Even though the implementation of a depletion policy would help Guyana slow down the rate of production of its oil resources by ExxonMobil, thereby giving it some much needed time to develop its regulatory capacity, Vice President, Dr. Bharrat Jagdeo, does not seem to be too keen on the nation following this approach.
During his last press conference that was held at the Arthur Chung Convention Centre, Dr. Jagdeo told Kaieteur News that the government is not interested in using such a mechanism that could potentially put a pause on the rate of development of the oil. The official who has oversight responsibility for the oil sector said one has to bear in mind that Guyana has a short window within which to develop and monetize its resources. He reminded that the International Energy Agency (IEA) would have noted that even with an aggressive transition to cleaner sources of energy like hydropower and solar energy, the world will still need a considerable amount of fossil fuels in the future. In such a scenario, Jagdeo cautioned that Guyana still has to compete with others, even though it is in a privileged position as a low cost producer.
The official said, “…We have a window within which we have to maximize our production and utilize the resources for the development our country and our people and we want to accelerate production at that level.”
While he is in favour of aggressive exploration and production, Jagdeo also noted that Guyana’s pace of developing its capacity to govern needs to be on the same tangent. “And we don’t have 100 years to do it. By the time we develop the capacity, they can find one breakthrough technology and then you can’t produce the oil so we are making it clear that development and capacity building have to run simultaneously…” the Vice President expressed.
He said that the government expects the oil companies to make more meaningful contributions towards the training of locals to manage the sector, noting that the paltry US$300,000 ExxonMobil is required by its Stabroek Block contract to pay for training is insufficient.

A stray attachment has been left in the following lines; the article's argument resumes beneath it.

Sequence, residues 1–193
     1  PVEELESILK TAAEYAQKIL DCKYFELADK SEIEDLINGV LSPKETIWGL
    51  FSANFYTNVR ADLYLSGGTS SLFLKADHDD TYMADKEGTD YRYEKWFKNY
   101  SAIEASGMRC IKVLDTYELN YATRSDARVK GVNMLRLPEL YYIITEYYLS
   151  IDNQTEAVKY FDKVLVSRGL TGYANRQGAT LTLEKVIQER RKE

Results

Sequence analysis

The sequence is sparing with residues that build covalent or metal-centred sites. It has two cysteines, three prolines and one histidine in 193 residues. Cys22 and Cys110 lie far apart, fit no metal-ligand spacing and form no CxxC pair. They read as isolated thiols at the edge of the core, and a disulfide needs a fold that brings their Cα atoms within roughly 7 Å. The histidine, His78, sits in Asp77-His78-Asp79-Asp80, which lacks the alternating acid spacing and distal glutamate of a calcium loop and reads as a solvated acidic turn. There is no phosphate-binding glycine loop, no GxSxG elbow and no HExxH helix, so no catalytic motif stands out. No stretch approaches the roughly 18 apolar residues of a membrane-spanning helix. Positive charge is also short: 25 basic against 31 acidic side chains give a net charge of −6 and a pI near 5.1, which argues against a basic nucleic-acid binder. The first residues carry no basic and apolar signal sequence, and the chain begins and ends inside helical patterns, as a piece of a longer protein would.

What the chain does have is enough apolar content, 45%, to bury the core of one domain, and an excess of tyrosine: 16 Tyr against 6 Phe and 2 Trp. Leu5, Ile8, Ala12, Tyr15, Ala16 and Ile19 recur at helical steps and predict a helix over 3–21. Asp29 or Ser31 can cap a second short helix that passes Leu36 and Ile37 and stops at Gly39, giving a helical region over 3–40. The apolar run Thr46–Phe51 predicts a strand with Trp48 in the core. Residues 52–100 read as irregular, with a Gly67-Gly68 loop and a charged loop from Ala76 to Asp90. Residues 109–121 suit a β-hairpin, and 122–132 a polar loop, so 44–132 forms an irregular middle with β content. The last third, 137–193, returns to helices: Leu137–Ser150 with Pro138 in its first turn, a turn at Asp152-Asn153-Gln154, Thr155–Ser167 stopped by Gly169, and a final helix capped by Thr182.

Institutions such as the World Bank, the United Nations Development Fund (UNDP), and the International Monetary Fund (IMF), have all acknowledged that the authorities of the day have the fundamental right to determine how fast or how slow their country’s oil and gas resources should be developed.
In fact, the UNDP had commissioned a report in 2016 for Guyana, which recommended that the government pay attention to the rate at which the oil resources could be depleted. The adoption of a policy that regularizes the pace of production by ExxonMobil and other oil companies operating offshore Guyana was also suggested. The former APNU+AFC regime had pledged to bring such a document on board using funds from the Inter-American Development Bank but this never became a reality.
In the absence of this crucial policy, ExxonMobil and its partners, Hess Corporation and CNOOC/NEXEN, are forging ahead with plans to extract Guyana’s oil as quickly as possible from the Stabroek Block. In fact, Exxon is already ramping up its development plans for its third project called Payara. Now that approximately nine billion oil equivalent resources have been discovered on the Stabroek Block, the partners have said that it is more than enough to support 10 vessels. Five of these are planned to come on stream by 2026.